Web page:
Traveling in Paris was far easier than I had anticipated. The metro system, like many of the masterpieces you’ll see in the Louvre or the Orsay Museum, is a work of art with its color-coded tunnels and maps posted every ten meters so that even an illiterate user can figure out where to go. Lauren and I, as noted earlier, were about as articulate as a couple of mimes, so we reveled in the sense of power that the metro bestowed as we made plans and executed them with zero input from the natives. We Americans are great that way. So we burrowed our way across that city like a couple of groundhogs, popping out of the ground at intervals to swivel our heads in several directions before finally taking off on another sight-seeing mission. Our first triumph came with the discovery of the Eiffel Tower.
I’m pretty sure most of you just rolled your eyes thinking, “The Eiffel Tower? Isn’t that about 3 miles high and visible from space? How could you possibly miss that landmark?” But the beauty wasn’t in tracking something that even a legally blind person could spot; the beauty was in taking the subway and emerging victorious at the closest stop. We ascended from the cement bowels of the city, rounded a corner, and lo and behold! There she was! We pointed and exclaimed and even did a little bunny hop or two as if we’d just spotted a long-sought button under a dresser that would finally make our favorite pair of capris complete. There was no stopping us now.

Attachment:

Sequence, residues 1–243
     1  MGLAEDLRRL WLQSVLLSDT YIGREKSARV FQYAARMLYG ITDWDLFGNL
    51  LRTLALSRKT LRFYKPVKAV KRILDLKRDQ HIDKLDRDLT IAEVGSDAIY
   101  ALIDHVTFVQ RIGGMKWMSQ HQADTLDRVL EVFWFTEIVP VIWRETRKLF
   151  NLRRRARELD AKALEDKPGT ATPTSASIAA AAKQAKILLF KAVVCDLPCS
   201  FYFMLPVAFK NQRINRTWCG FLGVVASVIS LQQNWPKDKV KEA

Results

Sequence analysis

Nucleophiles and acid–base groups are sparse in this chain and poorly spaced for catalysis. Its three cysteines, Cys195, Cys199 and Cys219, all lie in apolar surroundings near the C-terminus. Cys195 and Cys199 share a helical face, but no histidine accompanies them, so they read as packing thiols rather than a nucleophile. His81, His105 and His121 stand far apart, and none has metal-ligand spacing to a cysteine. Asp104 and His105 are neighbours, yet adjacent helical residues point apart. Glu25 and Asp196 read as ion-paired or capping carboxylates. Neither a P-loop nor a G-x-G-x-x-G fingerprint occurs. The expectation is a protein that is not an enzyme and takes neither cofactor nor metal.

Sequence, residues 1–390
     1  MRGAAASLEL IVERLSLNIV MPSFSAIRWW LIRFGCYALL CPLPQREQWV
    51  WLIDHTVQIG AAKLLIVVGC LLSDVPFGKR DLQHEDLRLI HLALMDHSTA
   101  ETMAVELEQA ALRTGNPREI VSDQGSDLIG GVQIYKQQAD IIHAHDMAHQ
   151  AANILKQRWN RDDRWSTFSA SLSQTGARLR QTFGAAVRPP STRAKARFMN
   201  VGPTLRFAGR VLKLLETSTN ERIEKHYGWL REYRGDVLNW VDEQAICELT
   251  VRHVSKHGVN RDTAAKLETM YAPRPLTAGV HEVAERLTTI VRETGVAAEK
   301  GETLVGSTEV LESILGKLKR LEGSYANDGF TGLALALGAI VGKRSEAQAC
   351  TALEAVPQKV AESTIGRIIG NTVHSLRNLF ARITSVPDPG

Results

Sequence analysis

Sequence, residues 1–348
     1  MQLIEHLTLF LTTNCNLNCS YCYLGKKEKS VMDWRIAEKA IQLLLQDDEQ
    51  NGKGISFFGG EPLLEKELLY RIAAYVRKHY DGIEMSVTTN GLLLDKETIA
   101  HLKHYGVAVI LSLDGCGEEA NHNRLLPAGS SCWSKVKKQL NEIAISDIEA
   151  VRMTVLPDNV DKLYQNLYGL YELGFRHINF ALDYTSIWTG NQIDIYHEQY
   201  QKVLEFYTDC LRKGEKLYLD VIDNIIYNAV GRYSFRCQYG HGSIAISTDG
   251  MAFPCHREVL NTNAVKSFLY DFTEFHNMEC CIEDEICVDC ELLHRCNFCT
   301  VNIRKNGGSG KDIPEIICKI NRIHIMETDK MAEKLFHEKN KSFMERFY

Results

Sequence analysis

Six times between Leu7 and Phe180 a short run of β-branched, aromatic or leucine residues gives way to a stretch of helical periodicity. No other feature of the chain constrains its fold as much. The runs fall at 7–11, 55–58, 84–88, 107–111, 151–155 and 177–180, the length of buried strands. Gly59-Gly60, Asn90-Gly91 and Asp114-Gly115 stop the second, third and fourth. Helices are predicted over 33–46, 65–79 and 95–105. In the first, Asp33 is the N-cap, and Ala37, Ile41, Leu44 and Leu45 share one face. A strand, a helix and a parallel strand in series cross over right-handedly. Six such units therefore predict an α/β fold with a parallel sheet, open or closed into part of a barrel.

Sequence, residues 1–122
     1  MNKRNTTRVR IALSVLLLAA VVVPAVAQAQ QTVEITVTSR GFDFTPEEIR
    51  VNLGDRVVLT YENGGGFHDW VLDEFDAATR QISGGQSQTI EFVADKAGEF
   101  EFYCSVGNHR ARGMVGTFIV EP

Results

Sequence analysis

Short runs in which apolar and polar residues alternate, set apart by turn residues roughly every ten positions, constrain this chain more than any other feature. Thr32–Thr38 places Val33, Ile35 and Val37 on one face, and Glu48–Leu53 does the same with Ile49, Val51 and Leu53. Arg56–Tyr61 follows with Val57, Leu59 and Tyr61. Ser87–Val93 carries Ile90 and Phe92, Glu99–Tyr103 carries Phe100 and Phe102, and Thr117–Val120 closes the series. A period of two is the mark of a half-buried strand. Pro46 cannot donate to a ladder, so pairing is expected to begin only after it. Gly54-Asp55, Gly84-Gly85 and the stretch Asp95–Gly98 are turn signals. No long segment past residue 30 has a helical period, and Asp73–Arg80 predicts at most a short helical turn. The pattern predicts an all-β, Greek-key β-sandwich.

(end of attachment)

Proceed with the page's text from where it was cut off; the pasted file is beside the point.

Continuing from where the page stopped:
We decided to tackle the Louvre on our last full day in the city. We had read all the books to know the least crowded time to visit, but let me just say that if that was the least busy time to pop in, then on the crazy days the visitor stats must rival the population of India. Lauren and I took on a Siamese twin mentality, because we knew that if we got separated, there’d be nothing left to do except double back to the hotel to regroup, and we couldn’t stand the thought of wasting time in a city with so much to offer. And so much to eat. If I missed even one Nutella banana crepe, I’d be nursing hurt feelings for months.
We tethered ourselves with a set of ear buds and used the audio commentary as both a guide and a barrier to drown out the forty different languages around us. We hobbled along listening to lectures on the Venus de Milo and 15th century art while gazing skyward at ceilings that should have been in frames.
The highlight of the Louvre is the Mona Lisa, but after battling our way through a mass of humanity and stopping every ten paces to let our eyes adjust from momentary blindness inflicted by the paparazzi, we finally made it within 25 feet of the great lady. She carried such clout that she commanded her own private property, and from where I stood, it looked as if someone had licked and stuck a postage stamp to the wall. Arms swayed through the air like a rock concert as people jockeyed for the best snapshot, and I’m pretty sure all 37 languages were exclaiming simultaneously, “Who knew she’d be the size of a Saltine cracker?” Lauren and I elbowed our way back out and finished the rest of the tour.
We capped off the end of a lovely day with a cafe supper, and then we pulled out our handy map, located the nearest metro hole to our current location, and left the last vestiges of light behind as we burrowed into the ground.
© 2013 – Traci Carver